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William Swinton, Campaigns of the Army of the Potomac, I. The Army of the Potomac in history. (search)
o less than in the movement of commerce, the volunteers were quickly conveyed to Virginia from points so distant and divergent as to strike the imagination with wonder. It is estimated that for many weeks after the first call for troops, armed men arrived in Richmond, from all parts of the South, at the rate of from fifteen hundred to two thousand daily; and the multitude poured forth from the populous North was not less, but greater. From the loyal States, the point of concentration was Washington, where for a time the gathering force held a simply defensive attitude: then bursting the barrier of the Potomac, it launched itself upon that soil which the men of Virginia fondly named sacred, and the history of the Army of the Potomac began. I design in this volume to record, as far as may now be done, what that Army did and suffered in ten campaigns and twoscore battles, in Virginia, Maryland, and Pennsylvania. This history, if adequately made, must be the history also of much the
William Swinton, Campaigns of the Army of the Potomac, chapter 2 (search)
of the frontier, within the limits of West Virginia. Finding the position of the Confederates both oppressive to the loyal inhabitants and menacing in a military point of view, General McClellan, about the end of May, without instructions from Washington, threw over a force to the Virginia side of the Ohio; and hearing of a secession camp at Phillippi, he ordered it to be broken up. The movement to this end was under way, when Porterfield, becoming aware of it, abandoned his position. McClella disorder, losing all his guns and baggage, and General Garnett himself, while gallantly striving to rally his rear-guard, was killed. This ended the brief and brilliant campaign in the mountains, and General McClellan was able to telegraph to Washington as its result the capture of a thousand prisoners, with all the enemy's stores, baggage, and artillery, and the complete disruption of the hostile force. Secession, he added, is killed in this country. The result of this miniature campaign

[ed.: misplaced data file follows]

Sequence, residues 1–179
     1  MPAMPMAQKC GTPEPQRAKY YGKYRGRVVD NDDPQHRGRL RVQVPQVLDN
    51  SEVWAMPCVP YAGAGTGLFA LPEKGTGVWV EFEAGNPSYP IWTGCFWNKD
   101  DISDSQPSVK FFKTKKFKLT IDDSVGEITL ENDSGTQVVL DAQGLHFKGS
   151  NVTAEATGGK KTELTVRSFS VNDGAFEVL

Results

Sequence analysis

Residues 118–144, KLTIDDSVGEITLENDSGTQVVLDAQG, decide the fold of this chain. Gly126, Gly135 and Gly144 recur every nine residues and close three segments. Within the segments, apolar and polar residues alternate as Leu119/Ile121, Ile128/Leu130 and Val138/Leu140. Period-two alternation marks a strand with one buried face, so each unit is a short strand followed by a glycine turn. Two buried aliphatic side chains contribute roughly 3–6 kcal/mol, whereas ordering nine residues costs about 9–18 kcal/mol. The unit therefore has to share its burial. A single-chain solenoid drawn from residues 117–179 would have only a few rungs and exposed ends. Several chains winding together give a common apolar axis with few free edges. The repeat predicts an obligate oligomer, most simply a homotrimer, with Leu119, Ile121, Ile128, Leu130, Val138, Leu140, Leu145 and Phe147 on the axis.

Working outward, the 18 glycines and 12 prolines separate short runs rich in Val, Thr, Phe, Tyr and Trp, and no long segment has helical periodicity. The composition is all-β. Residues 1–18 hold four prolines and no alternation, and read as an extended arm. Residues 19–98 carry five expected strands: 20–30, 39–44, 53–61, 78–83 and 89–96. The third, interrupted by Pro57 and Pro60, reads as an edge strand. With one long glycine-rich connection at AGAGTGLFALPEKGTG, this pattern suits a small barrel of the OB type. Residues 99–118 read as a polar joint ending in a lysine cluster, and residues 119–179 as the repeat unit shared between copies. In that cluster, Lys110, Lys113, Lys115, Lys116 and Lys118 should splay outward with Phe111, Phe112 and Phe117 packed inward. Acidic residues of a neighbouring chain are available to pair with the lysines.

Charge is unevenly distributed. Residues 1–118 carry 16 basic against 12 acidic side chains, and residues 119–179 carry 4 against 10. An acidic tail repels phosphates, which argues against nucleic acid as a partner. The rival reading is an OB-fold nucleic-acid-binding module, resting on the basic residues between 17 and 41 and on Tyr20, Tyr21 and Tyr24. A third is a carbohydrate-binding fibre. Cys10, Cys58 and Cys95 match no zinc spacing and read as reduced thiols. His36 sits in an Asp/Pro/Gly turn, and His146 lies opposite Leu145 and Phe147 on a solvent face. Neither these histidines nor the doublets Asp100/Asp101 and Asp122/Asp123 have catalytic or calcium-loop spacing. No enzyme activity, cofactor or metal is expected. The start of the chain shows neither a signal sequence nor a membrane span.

William Swinton, Campaigns of the Army of the Potomac, chapter 3 (search)
mmoned to Washington the day after Bull Run, and placed in command of the disorganized forces that had returned from that untoward campaign, and of the rapidly arriving regiments which the populous North was pouring down from all directions to Washington. Out of these elements, an army was, first of all, to be fashioned. General McClellan brought to his high trust proofs of talent which, though not sufficient to show him a proper captain of a great army, were yet enough to inspire the best batteries on the York River; and that sufficient force should be left to cover Washington, to give an entire feeling of security. The proceedings of this council were submitted to the President, by whom they were approved, upon condition that Washington should be made entirely safe, and Manassas Junction occupied in sufficient force to prevent its repossession by the enemy. General McClellan immediately began his preparations in accordance with these instructions. The duty of covering the
William Swinton, Campaigns of the Army of the Potomac, V. Pope's campaign in Northern Virginia. August, 1862. (search)